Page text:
New Blog Site

Hey Everyone,

I am grateful and humbled for how many people follow my blog and send me notes of encouragement. I am trying to take my social media skills to another level. Part of that is developing my own website, complete with my blog. So, I am in the process of closing down all my blogs and moving them all to one place. That place is www.profrevkev.com. Once at that site, you will see a heading titled “blog.” That is where my blog will be. When you get a chance, go there and sign up to receive notices from that blog. Here is a direct link to the blog site.

Thanks again for your support and encouragement.

Absolute Truth

TruthEarlier this week I spent a day teaching a class to doctoral students titled, “Ethics in a Global Society.” I brought up the fact that the bottom line to any ethical system can be summarized by Jesus’ words, “Treat others as you want them to treat you” (Matthew 7:12) and how some form of the Golden Rule is found in every major world religion. The Golden Rule applies to ethics at every level, local or global.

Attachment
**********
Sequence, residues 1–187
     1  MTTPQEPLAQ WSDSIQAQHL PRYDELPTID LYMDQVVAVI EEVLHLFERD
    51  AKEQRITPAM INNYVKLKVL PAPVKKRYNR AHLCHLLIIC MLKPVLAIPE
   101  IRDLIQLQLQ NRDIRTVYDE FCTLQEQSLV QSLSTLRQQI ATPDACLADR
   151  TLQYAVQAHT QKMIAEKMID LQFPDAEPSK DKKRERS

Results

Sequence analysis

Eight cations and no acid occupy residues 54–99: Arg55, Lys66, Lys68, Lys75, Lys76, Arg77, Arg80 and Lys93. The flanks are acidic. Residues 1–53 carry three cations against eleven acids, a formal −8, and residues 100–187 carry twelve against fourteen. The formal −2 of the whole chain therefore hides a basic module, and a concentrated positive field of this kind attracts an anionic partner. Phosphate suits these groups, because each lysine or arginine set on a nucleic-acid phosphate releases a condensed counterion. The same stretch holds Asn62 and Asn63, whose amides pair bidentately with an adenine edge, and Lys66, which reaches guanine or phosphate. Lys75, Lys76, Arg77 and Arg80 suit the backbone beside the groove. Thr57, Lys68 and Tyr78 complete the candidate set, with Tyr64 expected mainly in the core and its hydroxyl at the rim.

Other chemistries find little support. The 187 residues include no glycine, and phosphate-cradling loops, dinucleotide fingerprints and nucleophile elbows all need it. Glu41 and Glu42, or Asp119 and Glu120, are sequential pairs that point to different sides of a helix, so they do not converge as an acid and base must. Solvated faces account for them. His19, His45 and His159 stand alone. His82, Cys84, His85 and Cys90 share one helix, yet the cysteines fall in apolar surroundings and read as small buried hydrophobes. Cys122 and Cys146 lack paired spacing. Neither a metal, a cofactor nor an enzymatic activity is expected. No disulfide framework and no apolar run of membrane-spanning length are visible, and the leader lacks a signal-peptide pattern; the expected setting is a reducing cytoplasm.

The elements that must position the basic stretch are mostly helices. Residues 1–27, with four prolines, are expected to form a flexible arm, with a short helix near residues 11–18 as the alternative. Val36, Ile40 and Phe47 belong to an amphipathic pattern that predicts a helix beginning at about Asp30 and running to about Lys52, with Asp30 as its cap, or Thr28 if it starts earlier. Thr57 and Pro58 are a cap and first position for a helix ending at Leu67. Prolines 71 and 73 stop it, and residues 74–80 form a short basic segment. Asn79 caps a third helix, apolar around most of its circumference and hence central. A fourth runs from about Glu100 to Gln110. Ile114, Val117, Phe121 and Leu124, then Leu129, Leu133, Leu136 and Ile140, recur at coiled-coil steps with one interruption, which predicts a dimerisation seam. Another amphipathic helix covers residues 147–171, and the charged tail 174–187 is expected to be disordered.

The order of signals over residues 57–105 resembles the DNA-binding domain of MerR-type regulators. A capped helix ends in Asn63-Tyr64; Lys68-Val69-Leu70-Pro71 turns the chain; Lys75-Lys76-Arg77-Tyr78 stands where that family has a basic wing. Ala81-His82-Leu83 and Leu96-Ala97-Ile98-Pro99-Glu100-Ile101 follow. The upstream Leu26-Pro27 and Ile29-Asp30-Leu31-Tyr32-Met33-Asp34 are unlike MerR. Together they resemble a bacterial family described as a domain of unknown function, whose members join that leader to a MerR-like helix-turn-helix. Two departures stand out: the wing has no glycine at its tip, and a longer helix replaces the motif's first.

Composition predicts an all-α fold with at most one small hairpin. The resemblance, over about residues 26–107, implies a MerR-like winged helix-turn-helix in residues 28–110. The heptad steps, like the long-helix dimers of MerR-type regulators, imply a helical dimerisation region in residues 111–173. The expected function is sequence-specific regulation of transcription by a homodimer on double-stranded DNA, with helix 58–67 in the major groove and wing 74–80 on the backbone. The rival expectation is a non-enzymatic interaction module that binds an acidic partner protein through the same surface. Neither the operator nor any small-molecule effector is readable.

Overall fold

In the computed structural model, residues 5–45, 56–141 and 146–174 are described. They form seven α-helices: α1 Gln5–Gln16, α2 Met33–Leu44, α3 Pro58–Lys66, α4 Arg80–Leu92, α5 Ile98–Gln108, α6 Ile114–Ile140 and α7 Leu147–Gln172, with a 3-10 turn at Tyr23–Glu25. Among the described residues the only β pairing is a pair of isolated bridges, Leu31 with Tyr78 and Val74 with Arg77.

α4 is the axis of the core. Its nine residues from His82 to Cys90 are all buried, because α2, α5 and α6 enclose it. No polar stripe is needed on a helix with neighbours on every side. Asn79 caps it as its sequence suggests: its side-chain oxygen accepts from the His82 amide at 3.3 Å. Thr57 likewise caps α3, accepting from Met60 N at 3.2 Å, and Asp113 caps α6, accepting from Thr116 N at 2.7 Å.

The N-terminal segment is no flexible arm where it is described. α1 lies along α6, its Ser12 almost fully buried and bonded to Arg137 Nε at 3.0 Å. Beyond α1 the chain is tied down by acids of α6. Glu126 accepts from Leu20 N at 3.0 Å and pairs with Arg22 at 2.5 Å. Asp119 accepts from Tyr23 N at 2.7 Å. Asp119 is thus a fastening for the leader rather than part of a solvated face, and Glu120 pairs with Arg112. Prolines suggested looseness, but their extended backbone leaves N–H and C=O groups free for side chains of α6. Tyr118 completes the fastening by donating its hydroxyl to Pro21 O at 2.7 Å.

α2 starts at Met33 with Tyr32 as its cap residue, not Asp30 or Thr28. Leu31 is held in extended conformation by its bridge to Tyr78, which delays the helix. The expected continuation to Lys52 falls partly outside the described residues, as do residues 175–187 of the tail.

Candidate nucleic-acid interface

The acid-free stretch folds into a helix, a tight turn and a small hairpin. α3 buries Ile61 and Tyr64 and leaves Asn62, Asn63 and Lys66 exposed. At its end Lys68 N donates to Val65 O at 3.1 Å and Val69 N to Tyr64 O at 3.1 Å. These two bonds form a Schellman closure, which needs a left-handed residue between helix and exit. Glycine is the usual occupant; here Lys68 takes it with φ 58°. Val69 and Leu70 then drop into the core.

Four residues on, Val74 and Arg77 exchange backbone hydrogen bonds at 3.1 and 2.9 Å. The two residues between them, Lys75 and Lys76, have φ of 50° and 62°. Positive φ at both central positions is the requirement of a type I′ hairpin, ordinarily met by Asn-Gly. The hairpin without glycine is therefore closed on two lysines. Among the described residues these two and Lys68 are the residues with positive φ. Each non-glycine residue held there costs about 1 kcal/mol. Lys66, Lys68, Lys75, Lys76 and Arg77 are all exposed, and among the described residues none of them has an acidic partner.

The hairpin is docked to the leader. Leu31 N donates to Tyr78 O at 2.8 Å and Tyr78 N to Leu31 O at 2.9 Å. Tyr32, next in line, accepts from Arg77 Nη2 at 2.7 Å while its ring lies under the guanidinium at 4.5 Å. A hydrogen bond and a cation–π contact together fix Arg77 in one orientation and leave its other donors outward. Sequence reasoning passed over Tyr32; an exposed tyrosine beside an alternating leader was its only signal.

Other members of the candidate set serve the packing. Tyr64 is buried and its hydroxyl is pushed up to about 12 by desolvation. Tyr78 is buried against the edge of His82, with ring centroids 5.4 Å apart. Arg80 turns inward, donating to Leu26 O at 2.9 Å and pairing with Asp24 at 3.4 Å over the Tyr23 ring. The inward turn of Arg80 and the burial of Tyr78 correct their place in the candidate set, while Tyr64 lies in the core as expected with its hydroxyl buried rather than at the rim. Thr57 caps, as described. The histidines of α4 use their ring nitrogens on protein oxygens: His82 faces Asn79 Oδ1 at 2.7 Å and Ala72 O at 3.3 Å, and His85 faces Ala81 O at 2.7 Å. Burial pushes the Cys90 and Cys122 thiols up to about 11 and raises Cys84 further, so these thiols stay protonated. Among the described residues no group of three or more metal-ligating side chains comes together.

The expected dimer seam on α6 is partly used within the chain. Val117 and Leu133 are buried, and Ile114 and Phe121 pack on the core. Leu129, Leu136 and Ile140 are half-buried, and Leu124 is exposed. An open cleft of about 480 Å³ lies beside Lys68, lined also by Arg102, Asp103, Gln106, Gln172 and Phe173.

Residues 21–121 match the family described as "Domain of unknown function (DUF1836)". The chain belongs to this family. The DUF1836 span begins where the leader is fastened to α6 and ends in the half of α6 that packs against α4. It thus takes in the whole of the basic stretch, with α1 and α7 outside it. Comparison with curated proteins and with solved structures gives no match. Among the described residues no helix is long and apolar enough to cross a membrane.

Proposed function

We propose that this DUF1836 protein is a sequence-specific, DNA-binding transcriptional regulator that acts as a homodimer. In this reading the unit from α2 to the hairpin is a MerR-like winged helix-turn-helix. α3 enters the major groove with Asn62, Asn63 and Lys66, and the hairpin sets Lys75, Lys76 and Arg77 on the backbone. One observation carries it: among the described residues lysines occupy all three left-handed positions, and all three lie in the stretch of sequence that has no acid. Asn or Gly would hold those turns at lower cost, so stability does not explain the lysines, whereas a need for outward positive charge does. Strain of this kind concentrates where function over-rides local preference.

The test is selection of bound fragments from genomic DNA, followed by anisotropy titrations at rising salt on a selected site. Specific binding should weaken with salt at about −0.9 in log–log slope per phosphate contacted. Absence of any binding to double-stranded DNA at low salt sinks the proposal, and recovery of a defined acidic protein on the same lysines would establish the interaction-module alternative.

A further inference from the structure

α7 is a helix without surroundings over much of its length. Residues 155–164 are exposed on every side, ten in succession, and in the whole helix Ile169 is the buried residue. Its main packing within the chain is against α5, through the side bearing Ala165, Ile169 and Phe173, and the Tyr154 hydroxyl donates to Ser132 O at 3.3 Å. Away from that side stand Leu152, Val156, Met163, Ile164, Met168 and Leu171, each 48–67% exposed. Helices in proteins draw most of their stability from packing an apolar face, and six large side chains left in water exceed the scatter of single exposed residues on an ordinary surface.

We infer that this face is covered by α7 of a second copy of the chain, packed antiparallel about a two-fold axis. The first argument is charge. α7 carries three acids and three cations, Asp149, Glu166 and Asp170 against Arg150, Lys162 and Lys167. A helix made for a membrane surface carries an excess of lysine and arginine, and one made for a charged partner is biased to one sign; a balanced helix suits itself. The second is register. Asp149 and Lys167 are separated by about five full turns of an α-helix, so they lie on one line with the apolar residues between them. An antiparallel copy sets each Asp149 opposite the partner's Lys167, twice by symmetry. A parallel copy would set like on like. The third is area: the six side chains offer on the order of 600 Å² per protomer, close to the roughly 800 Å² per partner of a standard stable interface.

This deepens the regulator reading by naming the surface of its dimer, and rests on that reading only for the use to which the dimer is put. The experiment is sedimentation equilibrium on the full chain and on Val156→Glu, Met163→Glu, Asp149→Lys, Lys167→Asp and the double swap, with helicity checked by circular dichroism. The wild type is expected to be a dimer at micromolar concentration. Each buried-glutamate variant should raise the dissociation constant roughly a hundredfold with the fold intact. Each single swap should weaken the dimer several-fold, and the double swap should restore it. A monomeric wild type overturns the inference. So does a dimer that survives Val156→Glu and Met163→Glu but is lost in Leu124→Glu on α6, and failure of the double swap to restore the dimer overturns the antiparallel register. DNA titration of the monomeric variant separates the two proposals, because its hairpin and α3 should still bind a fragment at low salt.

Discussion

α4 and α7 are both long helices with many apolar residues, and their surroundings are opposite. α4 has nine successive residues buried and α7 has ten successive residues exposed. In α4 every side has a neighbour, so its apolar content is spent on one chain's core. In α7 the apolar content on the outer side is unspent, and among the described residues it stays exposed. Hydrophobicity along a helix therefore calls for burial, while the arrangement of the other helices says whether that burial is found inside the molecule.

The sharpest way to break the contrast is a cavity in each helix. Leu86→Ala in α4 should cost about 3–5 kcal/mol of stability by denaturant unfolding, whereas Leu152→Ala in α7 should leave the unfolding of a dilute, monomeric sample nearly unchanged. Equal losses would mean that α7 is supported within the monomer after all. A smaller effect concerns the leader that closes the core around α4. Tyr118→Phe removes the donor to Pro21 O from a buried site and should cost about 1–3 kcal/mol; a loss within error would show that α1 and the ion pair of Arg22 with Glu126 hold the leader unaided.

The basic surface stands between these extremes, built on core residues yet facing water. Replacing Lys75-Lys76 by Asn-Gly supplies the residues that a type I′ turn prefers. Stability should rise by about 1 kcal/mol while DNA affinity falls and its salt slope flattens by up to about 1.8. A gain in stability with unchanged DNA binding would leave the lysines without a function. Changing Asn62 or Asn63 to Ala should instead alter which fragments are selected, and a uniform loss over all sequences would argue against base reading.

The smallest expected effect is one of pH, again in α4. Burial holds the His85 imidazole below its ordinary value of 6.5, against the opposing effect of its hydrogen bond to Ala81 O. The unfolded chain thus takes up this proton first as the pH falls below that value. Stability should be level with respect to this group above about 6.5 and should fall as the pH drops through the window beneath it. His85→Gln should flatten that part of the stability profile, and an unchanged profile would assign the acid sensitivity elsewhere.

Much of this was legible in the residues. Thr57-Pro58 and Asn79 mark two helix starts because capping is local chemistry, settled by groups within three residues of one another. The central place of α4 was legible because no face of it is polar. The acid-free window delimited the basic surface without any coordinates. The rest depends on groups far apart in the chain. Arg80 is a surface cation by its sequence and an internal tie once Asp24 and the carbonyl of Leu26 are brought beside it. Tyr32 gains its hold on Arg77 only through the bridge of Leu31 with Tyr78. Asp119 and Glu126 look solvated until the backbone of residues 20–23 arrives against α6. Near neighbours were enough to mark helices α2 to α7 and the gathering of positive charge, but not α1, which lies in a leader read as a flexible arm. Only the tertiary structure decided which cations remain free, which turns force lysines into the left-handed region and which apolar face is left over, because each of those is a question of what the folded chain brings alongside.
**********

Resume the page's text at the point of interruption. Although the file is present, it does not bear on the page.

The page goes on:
I also stated that it is difficult to consistently be ethical without a belief in absolute truth. A student then asked me if I believed in absolute truth. I answered, “Yes I do. But I am not so sure how much absolute truth I actually know.”

That type of admission troubles some people. Continue reading

Random Thoughts on Social Issues

There was another mass shooting recently, and following a well established pattern, pundits started debated gun control issues. Here are my thoughts:

  • The solution to gun violence is not more unenforceable gun control regulations. If we can’t enforce the regulations we already have, what makes us thing we can enforce more regulations?
  • But neither is the solution to gun violence more guns on the streets and in our neighborhoods. Somehow we have to change our attitudes about guns, violence, and the sanctity of all human life.